(P=.008)
      SF-36 physical functioning27.1±18.027.7±16.3
      SF-36 role physical15.4±32.511.8±28.1
      SF-36 bodily pain39.3±11.544.5±18.3
      SF-36 vitality55.0±15.457.6±17.7
      SF-36 social functioning55.9±13.660.3±17.1
      SF-36 role emotional47.1±41.872.5±12.9
      Different from baseline at adjusted P level indicated in parentheses. All values with no P value indicated were not significantly different between pre- and postinjection at P< .05.
       (P=.04)
      SF-36 mental health66.4±14.158.1±18.4
      VAS pain back (100-mm scale)41.5±29.833.8±26.1
      VAS pain legs (100-mm scale)52.0±31.942.8±33.3
      Different from baseline at adjusted P level indicated in parentheses. All values with no P value indicated were not significantly different between pre- and postinjection at P< .05.
       (P=.05)
      Legs feel weak (% yes)53.414.3
      Different from baseline at adjusted P level indicated in parentheses. All values with no P value indicated were not significantly different between pre- and postinjection at P< .05.
      (P=.008)
      SPWT (m)772.3±728.7907.6±685.8
      Abbreviation: VAS, visual analog pain scales.
      NOTE. Values are mean ± SD unless otherwise indicated.
      low asterisk Different from baseline at adjusted P level indicated in parentheses. All values with no P value indicated were not significantly different between pre- and postinjection at P< .05.
      Significant changes were observed for a number of the self-report instruments, including the Physical Function Scale of the Swiss Spinal Stenosis Questionnaire (P=.007), general health (SF-36; P=.008), role-limitation emotional (SF-36; P=.04), leg pain intensity (visual analog pain scales; P=.05), and presence of leg weakness (P=.008) (see table 3). Nonsignificant improvements were observed in walking capacity (SPWT), back pain intensity, and Symptom Severity Scale of the Swiss Spinal Stenosis Questionnaire.
      Of the statistically significant changes observed, the only 2 that met published values for MCID were the SF-36 general health and role-limitation emotional scales. The mean change of .92cm in leg pain intensity did not meet either value for MCID suggested in the literature (1.620 or 521). However, 59% did report an improvement of 1.6 or greater in leg pain. Similarly, although the mean change of 0.3 on the Physical Function Scale did not meet the suggested MCID of 0.5, 13 subjects (76%) did report improvement, while 2 (11.8%) reported no change and 2 (11.8%) reported worse physical function. Of the 13 reporting improvement on the Physical Function Scale, 5 reported a clinically important change (>0.5) while 6 reported a change of .40 and 2 reported a change <.40.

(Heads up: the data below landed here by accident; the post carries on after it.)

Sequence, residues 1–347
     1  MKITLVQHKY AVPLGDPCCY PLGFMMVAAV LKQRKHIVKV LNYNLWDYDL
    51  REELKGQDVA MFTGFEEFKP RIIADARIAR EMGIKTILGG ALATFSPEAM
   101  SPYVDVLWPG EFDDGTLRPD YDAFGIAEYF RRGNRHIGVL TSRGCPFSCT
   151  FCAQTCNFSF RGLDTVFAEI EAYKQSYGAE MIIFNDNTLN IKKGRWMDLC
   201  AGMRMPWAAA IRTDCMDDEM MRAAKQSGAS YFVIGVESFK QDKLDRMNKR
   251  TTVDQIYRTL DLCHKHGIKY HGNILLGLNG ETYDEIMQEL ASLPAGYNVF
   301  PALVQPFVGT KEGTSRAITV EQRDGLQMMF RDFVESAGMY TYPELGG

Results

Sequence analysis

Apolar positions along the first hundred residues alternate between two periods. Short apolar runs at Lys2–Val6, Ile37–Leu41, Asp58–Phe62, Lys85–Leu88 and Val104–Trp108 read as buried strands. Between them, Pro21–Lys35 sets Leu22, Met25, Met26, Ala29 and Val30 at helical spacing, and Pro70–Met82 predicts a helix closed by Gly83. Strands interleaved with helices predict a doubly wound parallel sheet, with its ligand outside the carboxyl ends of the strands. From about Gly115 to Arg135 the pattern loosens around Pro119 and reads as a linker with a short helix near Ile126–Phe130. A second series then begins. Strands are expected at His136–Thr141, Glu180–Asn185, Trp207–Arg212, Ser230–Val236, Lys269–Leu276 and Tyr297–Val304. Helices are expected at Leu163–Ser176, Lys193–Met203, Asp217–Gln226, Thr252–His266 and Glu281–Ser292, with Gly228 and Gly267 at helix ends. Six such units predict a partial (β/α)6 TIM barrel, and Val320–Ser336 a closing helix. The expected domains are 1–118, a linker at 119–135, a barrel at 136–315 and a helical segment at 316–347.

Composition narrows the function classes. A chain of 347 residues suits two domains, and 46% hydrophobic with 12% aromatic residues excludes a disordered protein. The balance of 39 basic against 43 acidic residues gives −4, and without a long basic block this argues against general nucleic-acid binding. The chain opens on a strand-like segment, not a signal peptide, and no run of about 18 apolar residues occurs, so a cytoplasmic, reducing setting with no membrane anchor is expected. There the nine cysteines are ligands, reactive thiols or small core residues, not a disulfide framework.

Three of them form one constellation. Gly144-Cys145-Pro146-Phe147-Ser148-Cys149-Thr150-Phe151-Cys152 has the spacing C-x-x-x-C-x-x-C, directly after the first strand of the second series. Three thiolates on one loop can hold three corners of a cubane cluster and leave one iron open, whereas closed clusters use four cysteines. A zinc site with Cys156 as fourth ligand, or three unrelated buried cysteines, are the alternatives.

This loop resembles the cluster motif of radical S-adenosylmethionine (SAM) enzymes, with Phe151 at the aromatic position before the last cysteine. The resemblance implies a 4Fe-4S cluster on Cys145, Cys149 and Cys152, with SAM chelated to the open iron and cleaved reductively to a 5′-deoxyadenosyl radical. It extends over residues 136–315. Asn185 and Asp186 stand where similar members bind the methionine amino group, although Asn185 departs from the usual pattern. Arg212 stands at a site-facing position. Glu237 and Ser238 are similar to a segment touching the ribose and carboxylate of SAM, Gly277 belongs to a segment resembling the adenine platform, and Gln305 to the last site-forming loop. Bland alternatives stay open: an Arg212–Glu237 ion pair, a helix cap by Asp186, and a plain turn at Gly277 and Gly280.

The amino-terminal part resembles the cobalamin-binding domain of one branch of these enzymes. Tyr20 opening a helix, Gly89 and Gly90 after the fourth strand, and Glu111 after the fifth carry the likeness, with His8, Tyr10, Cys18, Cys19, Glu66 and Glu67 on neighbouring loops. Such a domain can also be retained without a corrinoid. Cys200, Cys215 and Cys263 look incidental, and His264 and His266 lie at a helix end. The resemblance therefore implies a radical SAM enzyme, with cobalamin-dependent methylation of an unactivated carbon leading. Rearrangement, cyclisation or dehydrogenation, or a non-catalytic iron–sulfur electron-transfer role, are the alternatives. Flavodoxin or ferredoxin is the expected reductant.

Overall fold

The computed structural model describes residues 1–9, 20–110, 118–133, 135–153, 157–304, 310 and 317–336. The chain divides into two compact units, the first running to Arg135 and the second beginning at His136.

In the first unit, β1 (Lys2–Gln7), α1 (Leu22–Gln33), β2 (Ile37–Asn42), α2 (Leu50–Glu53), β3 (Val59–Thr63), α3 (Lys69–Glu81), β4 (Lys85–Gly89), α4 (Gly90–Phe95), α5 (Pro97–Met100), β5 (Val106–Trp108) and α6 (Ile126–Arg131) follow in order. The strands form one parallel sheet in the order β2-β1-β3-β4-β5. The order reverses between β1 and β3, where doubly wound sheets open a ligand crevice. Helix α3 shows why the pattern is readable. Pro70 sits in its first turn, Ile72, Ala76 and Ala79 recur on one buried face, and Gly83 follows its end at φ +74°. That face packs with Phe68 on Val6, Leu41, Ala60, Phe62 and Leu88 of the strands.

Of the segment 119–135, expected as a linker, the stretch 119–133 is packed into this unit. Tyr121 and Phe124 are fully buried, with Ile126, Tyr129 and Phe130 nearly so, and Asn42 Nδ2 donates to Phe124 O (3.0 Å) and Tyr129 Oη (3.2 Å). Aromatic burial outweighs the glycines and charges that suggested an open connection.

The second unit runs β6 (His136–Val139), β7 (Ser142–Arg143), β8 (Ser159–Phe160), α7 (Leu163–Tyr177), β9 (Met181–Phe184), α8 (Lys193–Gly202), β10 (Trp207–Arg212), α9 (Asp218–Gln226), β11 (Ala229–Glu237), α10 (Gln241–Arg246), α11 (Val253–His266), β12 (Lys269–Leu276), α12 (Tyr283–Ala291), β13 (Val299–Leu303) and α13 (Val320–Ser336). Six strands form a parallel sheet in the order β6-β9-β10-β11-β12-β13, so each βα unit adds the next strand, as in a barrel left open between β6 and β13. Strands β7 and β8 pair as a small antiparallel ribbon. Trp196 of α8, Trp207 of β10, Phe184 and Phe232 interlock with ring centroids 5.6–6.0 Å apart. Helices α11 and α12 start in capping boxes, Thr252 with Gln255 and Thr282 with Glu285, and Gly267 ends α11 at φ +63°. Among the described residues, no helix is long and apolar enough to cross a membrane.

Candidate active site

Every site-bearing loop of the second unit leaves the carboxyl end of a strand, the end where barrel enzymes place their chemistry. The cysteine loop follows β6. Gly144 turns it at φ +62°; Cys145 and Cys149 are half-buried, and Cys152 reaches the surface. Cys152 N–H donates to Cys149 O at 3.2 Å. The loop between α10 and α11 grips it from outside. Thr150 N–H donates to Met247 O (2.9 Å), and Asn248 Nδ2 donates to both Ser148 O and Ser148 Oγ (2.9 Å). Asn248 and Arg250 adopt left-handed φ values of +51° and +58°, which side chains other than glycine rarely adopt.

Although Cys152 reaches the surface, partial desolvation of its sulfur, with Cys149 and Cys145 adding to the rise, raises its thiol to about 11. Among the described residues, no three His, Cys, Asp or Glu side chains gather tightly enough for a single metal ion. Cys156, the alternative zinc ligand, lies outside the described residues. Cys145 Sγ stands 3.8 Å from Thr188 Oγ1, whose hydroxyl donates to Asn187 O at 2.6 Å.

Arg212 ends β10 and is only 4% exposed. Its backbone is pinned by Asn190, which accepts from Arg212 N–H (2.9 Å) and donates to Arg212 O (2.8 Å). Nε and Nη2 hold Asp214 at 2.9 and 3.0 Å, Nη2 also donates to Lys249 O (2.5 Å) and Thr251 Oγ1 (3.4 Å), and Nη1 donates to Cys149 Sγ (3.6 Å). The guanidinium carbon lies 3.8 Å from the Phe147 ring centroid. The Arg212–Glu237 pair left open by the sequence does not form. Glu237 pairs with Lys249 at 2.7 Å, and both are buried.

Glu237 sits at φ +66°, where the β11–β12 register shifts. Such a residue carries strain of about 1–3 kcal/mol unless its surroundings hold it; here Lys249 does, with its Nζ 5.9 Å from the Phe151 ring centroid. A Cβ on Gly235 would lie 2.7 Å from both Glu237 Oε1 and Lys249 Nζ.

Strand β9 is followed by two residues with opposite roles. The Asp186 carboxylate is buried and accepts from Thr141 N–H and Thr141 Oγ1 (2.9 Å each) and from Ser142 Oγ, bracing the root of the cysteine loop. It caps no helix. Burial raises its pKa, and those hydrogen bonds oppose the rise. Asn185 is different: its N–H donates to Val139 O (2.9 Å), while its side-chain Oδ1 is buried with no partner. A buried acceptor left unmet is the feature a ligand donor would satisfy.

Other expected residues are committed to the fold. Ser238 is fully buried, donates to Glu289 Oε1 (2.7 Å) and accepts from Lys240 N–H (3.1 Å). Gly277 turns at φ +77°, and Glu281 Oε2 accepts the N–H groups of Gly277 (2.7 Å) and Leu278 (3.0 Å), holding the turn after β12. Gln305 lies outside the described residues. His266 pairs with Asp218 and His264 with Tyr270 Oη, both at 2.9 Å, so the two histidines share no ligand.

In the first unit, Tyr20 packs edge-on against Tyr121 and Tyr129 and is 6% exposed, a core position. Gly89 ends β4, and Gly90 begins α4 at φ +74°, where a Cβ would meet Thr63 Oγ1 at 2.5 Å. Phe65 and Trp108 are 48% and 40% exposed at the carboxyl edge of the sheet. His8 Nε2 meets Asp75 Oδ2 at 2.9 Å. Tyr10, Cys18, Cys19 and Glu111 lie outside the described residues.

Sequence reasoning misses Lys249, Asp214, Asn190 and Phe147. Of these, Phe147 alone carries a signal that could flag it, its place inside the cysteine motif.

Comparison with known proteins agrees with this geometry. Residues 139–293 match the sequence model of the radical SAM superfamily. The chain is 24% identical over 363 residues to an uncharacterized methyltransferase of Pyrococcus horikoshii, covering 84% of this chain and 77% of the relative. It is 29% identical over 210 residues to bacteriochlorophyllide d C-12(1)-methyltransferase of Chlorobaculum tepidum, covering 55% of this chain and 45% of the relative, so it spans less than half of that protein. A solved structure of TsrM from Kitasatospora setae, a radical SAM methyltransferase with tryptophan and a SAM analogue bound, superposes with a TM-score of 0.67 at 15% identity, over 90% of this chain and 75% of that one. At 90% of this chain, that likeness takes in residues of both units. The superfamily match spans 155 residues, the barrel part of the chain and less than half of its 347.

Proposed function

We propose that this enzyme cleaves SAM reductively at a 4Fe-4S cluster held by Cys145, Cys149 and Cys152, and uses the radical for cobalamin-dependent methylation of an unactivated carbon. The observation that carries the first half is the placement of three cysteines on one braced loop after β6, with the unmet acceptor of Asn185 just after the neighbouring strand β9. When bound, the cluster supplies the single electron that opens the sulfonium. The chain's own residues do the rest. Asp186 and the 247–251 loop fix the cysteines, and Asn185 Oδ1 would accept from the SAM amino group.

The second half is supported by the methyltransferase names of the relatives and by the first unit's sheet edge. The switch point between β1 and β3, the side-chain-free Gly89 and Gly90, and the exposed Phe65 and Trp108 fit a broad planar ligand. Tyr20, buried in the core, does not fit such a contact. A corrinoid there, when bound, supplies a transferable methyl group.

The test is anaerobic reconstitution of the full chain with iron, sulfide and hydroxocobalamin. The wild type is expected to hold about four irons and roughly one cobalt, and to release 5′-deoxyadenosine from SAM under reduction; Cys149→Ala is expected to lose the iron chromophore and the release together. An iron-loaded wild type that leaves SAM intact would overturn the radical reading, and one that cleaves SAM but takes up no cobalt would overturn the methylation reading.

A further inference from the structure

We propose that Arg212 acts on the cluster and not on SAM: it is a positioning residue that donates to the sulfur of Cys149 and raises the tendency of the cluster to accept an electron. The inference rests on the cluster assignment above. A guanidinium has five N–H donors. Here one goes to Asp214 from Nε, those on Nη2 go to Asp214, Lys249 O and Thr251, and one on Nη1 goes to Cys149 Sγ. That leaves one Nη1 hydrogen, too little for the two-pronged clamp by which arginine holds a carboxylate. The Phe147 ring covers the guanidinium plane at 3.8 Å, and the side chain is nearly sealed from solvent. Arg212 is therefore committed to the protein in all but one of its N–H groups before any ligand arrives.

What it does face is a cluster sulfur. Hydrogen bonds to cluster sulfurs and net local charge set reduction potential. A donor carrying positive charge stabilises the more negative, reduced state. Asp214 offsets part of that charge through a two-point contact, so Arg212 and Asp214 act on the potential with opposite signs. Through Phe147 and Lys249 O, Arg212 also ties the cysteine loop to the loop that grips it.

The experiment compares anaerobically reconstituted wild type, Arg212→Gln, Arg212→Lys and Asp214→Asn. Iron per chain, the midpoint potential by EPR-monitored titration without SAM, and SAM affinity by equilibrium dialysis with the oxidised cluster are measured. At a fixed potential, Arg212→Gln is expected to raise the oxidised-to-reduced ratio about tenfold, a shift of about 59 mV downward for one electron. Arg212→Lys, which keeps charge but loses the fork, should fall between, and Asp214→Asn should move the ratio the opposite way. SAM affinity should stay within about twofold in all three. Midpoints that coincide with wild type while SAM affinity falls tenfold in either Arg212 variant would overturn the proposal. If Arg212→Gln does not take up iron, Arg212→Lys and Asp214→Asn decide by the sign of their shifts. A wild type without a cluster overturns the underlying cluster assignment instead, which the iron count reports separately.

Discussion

When asked to rate their overall satisfaction with the result of their injection on a 7-point Likert scale anchored from 1 (very satisfied) to 7 (very dissatisfied), 6 participants were either a little bit, somewhat, or very satisfied, 4 were neutral, and 7 were either a little bit, somewhat, or very dissatisfied. Fig 1, Fig 2, Fig 3 demonstrate individual changes in overall activity counts, average daily activity counts, and Swiss Physical Function Scale scores from pre- to postinjection, coded as either satisfied (a little bit, somewhat, or very satisfied) or neutral/not satisfied (neutral, a little bit, somewhat, or very dissatisfied). No patterns emerged on the basis of satisfaction for any of these variables.
      Figure thumbnail gr1
      Fig 1Individual changes for total activity counts. Gray lines—reported being neutral or not satisfied with the overall results of the injection. Black lines—reported being satisfied with the overall results of the injection.
      Figure thumbnail gr2
      Fig 2Individual changes for average daily activity counts. Gray lines—reported being neutral or not satisfied with the overall results of the injection. Black lines—reported being satisfied with the overall results of the injection.
      Figure thumbnail gr3
      Fig 3Individual change in the Physical Function Scale. Physical Function Scale of the Swiss Spinal Stenosis Questionnaire (a higher score indicates worse physical function). Gray lines—reported being neutral or not satisfied with the overall results of the injection. Black lines—reported being satisfied with the overall results of the injection.

      Discussion

      This is the first study of which we are aware examining the effect of ESI for LSS on objectively measured physical activity (performance) in day-to-day life. Although no other studies to date have evaluated performance, self-report outcomes from the present study corroborate findings from other studies demonstrating improvements in pain and self-reported function with fluoroscopically guided ESI for LSS. For example, in a prospective cohort study of ESI for LSS, Botwin et al
      • Botwin K.P.
      • Gruber R.D.
      • Bouchlas C.G.
      • et al.
      Fluoroscopically guided lumbar transforaminal epidural steroid injections in degenerative lumbar stenosis: an outcome study.
      reported improvements at 2 months and 1 year in pain, function (Roland Morris 5-point scale), and self-reported standing/walking tolerance. In another study, Botwin et al
      • Botwin K.
      • Brown L.A.
      • Fishman M.
      • et al.
      Fluoroscopically guided caudal epidural steroid injections in degenerative lumbar spine stenosis.